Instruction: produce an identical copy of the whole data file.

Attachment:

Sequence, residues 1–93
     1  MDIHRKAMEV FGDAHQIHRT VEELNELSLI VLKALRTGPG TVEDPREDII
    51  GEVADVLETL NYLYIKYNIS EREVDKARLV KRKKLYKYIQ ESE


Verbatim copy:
Sequence, residues 1–93
     1  MDIHRKAMEV FGDAHQIHRT VEELNELSLI VLKALRTGPG TVEDPREDII
    51  GEVADVLETL NYLYIKYNIS EREVDKARLV KRKKLYKYIQ ESE